CyberPower VALUE2200ELCD UPS Review
CyberPower VALUE2200ELCD UPS Review. We’re going to check out the VALUE2200ELCD UPS from CyberPower. We’ll also pull out the power while running a computer to simulate an outage and demonstrate how well it works.
Alright so first let’s start off with what a UPS actually is, and why you should care. Have you ever been using the computer and the power goes out causing you to lose whatever you were working on at the time? I know I have, which is a problem that a UPS solves. A UPS, or Uninterruptible Power Supply, is essentially a battery backup that you plug your devices into. When the power goes out everything plugged into it will still be running off of battery power, allowing you time to safely save work and shut down your computer in the event of an extended outage.
So I’ve actually had this model of UPS for over 5 years now, however in the recent weeks I’ve found that swapping over to battery power now fails despite the batteries showing a full charge which basically makes it useless. As this sort of problem is typically expected after this period of time with a UPS and I otherwise had no issues with it, I’ve recently bought a brand new one which I’ll be covering here.
The batteries are user replaceable, however I was not able to confirm the problem was purely battery related so didn’t bother trying to replace them in my original unit. Inside the box we have a USB cable, power cable, phone cable, user manual, warranty information and of course the unit itself. Unboxing it is pretty awkward, as the UPS weighs over 14kg or 32lb. This particular model provides 2200VA or 1320W with 4 outlets and is designed for home or small office use. It can also filter RJ11/RJ45 network ports, which is awesome as I’ve had a modem die in a lightning storm which came in through the phone line and killed it. Let’s take a quick physical look at the unit.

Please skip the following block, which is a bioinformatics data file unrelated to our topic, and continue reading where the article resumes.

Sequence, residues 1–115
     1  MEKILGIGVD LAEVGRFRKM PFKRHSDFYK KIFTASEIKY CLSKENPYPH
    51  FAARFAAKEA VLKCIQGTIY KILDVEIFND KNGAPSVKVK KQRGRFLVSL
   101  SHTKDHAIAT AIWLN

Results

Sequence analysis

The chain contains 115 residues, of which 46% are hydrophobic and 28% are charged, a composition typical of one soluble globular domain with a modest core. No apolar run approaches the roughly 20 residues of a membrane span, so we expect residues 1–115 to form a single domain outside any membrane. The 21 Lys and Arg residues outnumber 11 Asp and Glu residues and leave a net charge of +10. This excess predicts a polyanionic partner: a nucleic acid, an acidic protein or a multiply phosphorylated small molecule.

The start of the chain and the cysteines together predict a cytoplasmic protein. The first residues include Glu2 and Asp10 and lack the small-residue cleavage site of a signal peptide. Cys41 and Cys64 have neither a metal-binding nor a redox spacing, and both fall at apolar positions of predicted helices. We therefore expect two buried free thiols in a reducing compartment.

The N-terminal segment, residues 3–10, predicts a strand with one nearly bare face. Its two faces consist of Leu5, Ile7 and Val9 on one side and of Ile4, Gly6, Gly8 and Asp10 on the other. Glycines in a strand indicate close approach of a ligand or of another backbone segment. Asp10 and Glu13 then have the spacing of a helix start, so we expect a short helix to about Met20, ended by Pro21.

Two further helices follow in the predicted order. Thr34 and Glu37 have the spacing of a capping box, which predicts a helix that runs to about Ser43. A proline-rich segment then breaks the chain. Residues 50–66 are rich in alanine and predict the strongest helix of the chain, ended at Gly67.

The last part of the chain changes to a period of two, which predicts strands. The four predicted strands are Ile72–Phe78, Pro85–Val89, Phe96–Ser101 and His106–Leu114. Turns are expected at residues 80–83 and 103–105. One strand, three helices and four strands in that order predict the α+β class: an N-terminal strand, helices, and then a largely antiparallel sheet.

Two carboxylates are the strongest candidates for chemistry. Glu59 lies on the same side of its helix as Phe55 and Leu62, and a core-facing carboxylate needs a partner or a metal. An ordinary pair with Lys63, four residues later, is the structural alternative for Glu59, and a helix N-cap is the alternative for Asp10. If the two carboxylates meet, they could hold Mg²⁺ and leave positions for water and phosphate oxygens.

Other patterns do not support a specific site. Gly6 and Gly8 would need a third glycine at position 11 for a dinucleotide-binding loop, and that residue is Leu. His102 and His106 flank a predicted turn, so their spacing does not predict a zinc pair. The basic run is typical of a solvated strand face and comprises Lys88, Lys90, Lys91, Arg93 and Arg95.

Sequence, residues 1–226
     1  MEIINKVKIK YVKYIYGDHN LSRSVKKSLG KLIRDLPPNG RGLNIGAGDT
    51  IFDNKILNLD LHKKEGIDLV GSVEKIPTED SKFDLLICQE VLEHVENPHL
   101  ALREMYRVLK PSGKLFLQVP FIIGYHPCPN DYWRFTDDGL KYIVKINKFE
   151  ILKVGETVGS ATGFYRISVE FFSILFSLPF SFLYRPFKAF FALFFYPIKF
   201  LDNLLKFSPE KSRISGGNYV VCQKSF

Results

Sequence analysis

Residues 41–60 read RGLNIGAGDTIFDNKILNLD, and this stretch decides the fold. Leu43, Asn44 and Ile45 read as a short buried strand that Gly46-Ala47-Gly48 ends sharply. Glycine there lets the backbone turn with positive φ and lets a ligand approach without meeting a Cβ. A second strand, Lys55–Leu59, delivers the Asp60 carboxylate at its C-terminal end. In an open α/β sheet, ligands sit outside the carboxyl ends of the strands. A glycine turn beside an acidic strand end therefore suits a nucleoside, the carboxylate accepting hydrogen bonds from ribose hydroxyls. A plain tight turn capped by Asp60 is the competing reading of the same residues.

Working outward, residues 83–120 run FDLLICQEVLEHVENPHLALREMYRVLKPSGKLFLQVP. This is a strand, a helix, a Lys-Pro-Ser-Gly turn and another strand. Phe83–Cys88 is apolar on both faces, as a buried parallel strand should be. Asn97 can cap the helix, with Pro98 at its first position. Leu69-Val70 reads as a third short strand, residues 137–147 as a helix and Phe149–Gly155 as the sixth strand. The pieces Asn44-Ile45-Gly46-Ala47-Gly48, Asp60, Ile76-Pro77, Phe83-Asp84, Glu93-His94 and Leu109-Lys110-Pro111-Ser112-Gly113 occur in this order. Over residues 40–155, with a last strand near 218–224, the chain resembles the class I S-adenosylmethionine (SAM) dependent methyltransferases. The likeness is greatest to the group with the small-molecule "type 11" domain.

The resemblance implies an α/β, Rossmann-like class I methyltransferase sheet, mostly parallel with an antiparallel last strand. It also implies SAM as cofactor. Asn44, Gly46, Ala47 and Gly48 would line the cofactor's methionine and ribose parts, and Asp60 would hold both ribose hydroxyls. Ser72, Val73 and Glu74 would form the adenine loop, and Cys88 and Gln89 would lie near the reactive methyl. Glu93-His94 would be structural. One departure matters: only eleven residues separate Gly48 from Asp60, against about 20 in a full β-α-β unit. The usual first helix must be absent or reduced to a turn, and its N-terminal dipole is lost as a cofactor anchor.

Most of the action is on the front panel where we have a power button to turn the UPS on or off, as well as an LCD display. There’s also a display button which is used for cycling through the display options. When we first turn the UPS on it will audibly beep and display the output voltage. We can then press the display button to continue cycling through other information such as the estimated run time in minutes, this is based off of the current load.
We will also see the percentage of load, in this case it’s showing 0% even when I recorded a video with, a laptop, and lighting plugged into the UPS for testing. Next we have the battery capacity, we can see here our battery is 100% full.
Finally the input voltage detected from the wall is shown. On the back we have the four outlets that we can plug the devices we want to protect into, as well as the AC power input. On this model I’ve got 4 Australian plugs, however different connectors are available as you can see here, so keep this in mind when you’re looking. There’s also a small exhaust fan, however I’ve never noticed it make any audible levels of noise while it runs on main power on the floor under my desk, it actually does make a bit of noise on battery as we’ll see later.